Once I got done reading the reviews/previews from people that got to test drive the actual production Tesla 3s on Friday night and reviewed my budget…I decided to throw down another deposit and get back in line for a Tesla 3.  No, I won’t get it until late 2018 at the earliest (possibly early 2019).  But in the meantime, I will completely pay off my current car and have enough money saved up to pay off a third of the cost of the car in cash up front–without even considering possible trade-in value of my current car (if I decide to trade it in instead of just holding it for a year or so until Avi turns 16).  The new house was built with a Tesla-compatible charging outlet in the garage–so the in-home installation costs will be very minimal.  So now, with money down again, I just have to wait…  Good things come to those who wait, right?

In other weekend news: the Cubs took 2-of-3 from the now-second-place Brewers and now hold a 2.5 game lead in the standings, the Roadrunners announced the signings of four players (actually, that was late last week, but still…), we have now lived in the new house for over a month–and are still really enjoying our time here, and I discovered that the problem in our TV loft was not a bad receiver or a fluky Xbox One S, but bad or outdated HDMI cables run in the wall (the installers will be back sometime this week to replace those cables).

It’s now just about bedtime on Sunday.  I’ve spent some time today looking through my Facebook feed.  I’m seeing a trend that may lead to a rough week–lots of Micah’s friends (and parents) talking about college visits.  If Micah was still here, he would be 17, starting his senior year of high school.  We would be talking about visiting a few schools, filling out college applications, thinking about a major, and the finer points of soon living on his own–or at least somewhat on his own in a college dorm.  We would be talking about how he would balance theatre, music and hockey during this busy senior year.  We would just be talking…instead of me holding one-way conversations into the ether.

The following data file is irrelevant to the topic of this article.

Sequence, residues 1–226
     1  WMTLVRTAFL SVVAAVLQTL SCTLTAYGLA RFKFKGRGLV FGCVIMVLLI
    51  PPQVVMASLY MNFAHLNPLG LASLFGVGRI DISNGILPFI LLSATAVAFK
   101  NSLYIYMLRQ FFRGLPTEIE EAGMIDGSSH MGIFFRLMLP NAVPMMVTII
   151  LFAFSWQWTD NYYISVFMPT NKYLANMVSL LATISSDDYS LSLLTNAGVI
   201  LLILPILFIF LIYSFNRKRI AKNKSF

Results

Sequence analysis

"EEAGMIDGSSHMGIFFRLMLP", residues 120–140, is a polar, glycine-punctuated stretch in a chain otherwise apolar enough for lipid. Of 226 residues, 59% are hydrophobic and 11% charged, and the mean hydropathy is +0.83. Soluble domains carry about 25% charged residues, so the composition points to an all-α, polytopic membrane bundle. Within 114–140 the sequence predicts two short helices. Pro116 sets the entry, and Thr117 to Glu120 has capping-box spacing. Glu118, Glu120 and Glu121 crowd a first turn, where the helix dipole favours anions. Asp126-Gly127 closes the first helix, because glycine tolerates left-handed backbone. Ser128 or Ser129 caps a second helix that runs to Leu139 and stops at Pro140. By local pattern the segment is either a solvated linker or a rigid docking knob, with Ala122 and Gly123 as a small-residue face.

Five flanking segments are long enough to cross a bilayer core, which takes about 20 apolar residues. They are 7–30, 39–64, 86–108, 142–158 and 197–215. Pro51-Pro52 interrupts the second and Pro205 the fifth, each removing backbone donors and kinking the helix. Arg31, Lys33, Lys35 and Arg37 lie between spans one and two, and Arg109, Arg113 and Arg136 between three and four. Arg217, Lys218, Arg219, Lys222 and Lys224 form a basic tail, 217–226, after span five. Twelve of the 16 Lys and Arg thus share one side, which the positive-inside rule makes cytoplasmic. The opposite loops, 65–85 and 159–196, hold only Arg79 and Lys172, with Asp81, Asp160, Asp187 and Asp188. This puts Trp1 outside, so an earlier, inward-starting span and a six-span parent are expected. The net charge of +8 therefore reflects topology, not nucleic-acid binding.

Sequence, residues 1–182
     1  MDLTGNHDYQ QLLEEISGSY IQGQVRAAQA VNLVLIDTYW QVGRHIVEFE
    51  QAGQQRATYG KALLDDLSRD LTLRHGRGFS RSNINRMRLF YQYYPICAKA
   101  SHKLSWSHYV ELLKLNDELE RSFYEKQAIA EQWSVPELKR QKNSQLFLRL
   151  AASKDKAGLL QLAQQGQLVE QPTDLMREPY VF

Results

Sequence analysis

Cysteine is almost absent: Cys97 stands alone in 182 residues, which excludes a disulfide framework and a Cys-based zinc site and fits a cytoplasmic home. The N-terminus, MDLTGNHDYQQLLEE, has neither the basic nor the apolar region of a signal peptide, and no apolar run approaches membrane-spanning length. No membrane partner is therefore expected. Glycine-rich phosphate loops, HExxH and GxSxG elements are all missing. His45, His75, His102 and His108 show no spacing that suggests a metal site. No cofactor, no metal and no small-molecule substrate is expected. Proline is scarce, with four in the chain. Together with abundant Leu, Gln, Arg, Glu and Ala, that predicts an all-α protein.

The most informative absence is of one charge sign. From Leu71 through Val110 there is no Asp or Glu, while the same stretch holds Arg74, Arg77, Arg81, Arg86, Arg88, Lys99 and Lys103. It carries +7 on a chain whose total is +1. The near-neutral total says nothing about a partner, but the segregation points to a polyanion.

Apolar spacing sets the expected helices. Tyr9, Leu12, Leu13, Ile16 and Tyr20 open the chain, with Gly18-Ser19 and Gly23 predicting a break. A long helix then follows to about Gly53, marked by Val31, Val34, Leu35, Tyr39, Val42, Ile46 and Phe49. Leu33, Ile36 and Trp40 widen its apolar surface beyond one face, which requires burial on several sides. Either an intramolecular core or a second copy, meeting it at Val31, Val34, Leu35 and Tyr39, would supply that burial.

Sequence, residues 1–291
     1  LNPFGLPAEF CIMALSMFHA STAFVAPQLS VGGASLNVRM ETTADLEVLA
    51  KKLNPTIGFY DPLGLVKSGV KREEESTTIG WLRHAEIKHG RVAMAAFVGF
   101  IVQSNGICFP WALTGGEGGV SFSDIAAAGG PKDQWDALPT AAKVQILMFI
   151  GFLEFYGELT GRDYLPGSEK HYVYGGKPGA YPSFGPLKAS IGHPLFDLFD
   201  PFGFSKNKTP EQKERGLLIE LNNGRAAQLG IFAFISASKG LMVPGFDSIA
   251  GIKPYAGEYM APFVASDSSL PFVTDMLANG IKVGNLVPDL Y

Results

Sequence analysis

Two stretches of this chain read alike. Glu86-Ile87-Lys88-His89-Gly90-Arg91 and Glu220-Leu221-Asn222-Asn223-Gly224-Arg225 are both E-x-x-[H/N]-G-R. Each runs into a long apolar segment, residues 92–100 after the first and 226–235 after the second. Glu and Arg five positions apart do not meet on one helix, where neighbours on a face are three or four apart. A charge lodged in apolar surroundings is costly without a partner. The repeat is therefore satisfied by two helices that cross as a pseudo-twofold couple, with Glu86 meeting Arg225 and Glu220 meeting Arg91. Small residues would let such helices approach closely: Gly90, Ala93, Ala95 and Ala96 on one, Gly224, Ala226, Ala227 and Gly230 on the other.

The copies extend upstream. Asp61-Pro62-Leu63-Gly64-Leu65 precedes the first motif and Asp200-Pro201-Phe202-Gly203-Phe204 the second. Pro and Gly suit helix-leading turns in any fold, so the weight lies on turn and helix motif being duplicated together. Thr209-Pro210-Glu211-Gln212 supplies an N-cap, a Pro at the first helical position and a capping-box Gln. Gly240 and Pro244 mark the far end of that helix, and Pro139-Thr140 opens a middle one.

Thinking about hockey…  As the calendar turns from July to August, kids and parents alike prepare for the new hockey season.  I’ve already seen posts about team kick-off parties, tournament scheduling, final preseason clinics and practices, and organizational details.  I just got an email tonight from the local hockey officiating organization talking about up-for-grabs board positions.

Truth is, I have visited the local rink four total times since early April: a half-hour meeting to answer questions about the job of equipment manager for my replacement (who, by the way, is doing an awesome job from what I’ve heard) in mid-April, a ten-minute visit in late June to donate some of Micah’s old gear to the house program, an hour or so to say hello and watch a friend’s kid play in a summer house league game in mid-July, and a couple hours at the rink last weekend to announce a charity hockey game.  To the outsider, this sounds like more than enough time at the rink during the off-season.  To me, this is practically hockey abandonment.  I can think of few times over the past ten years–even last summer, the summer after Micah died–when I was away from the rink for almost two solid months.  Now, in 2017, this will likely become the norm.